Sunday, June 21, 2009

Neither Poverty Nor Riches: Summary, Conclusions, and Applications

From Neither Poverty Nor Riches by Craig L. Blomberg:

Biblical material summary:

Pentateuch – goodness of wealth and God’s desire to bless his people with material possessions

Law – restriction of use and accumulation of property

Historical – the negative effects of wealth consolidation

Prophets – economic injustice

Wisdom and Poetry – wealth as a reward for faithfulness and industry; warnings against the wicked rich and ill-gotten gain; justice will come at the end of time

New Testament – carried forth many Old Testament principles with the exception of material wealth as a guaranteed reward for spiritual obedience or hard work; all Christians should have access to houses and fields thanks to the generosity of other Christians

Bible – never views material poverty as good; God wills his people to distribute wealth more equitably; God and mammon are rival masters; almsgiving integral to kingdom of God (241-3)

Additional Conclusions:

  1. Material possessions are a good gift from God meant for his people to enjoy
  2. Material possessions are also one of the primary means of turning human hearts away from God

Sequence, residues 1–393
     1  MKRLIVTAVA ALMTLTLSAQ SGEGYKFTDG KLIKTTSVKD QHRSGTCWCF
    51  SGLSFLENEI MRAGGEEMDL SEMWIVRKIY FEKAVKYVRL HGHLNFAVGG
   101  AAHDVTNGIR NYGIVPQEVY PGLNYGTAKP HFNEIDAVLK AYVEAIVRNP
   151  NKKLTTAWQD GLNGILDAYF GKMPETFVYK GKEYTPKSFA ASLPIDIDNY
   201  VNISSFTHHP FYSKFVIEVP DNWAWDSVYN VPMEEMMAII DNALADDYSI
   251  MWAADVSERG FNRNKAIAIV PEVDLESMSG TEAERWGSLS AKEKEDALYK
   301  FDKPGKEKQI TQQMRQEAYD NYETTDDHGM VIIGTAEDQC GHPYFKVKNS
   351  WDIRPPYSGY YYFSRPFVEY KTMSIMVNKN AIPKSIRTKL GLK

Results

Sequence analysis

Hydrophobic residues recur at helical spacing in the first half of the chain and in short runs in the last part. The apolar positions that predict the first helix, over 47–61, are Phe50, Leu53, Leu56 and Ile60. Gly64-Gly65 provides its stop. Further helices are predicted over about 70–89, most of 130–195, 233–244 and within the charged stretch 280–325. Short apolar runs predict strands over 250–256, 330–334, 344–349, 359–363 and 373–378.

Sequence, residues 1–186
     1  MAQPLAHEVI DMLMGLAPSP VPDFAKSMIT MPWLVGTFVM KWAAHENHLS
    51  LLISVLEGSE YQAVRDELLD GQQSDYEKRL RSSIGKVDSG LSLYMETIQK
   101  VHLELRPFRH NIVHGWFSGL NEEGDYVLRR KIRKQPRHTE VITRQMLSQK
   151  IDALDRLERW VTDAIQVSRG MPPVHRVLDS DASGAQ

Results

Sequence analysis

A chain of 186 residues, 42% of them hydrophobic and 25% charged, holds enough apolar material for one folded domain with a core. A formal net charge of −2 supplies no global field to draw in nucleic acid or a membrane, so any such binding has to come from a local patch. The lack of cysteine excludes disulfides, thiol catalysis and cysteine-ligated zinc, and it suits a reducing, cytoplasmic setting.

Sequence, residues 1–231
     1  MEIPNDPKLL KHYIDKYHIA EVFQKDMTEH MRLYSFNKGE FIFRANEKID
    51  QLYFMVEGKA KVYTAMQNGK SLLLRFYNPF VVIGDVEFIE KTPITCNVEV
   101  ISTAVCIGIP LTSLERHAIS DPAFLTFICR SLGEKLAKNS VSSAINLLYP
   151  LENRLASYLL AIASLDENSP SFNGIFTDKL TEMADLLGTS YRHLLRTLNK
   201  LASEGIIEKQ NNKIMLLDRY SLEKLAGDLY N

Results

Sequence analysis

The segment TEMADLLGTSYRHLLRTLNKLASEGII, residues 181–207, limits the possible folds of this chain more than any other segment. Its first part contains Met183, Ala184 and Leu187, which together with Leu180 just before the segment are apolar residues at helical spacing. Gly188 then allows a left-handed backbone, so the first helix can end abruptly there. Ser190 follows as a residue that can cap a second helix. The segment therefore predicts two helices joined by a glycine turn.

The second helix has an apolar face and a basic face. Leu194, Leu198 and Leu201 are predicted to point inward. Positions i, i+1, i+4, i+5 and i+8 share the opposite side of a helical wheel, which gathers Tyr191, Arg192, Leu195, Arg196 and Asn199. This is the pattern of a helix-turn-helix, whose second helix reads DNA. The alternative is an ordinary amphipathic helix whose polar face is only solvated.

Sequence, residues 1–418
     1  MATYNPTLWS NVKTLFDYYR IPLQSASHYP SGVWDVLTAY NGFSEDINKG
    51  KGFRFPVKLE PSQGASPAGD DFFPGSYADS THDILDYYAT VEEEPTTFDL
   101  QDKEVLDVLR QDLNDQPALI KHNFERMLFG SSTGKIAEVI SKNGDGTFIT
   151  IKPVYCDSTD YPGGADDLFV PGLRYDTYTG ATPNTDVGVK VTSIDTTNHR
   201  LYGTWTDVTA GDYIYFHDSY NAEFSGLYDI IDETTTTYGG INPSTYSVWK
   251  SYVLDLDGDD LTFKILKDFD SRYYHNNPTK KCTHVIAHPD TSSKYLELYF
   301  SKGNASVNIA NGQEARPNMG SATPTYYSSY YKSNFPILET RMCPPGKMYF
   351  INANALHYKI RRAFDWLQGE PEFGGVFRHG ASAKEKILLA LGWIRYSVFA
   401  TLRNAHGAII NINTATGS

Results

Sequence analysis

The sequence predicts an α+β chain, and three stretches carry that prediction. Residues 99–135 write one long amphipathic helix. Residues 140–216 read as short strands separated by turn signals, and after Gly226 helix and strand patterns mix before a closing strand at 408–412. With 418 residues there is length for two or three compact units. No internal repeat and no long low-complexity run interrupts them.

3. A necessary sign of life in redemption is that of transformation in the area of stewardship
  4. There are certain extremes of wealth and poverty which are in and of themselves intolerable
  5. The Bible’s teaching about material possessions is inextricably intertwined with more ‘spiritual’ matters. (243-7)


  1. If wealth is an inherent good, Christians should try and gain it
  2. If wealth is seductive, giving away surplus is a good strategy for resisting the temptation to overvalue it
  3. If stewardship is a sign of a redeemed life, the Christians will want to give
  4. If certain extremes of wealth and poverty are intolerable, then those with excess (i.e., most readers of the book) will work hard to help those in need
  5. If holistic salvation represents the ultimate good, then our charitable giving should be directed to people or groups that minister holistically (247)

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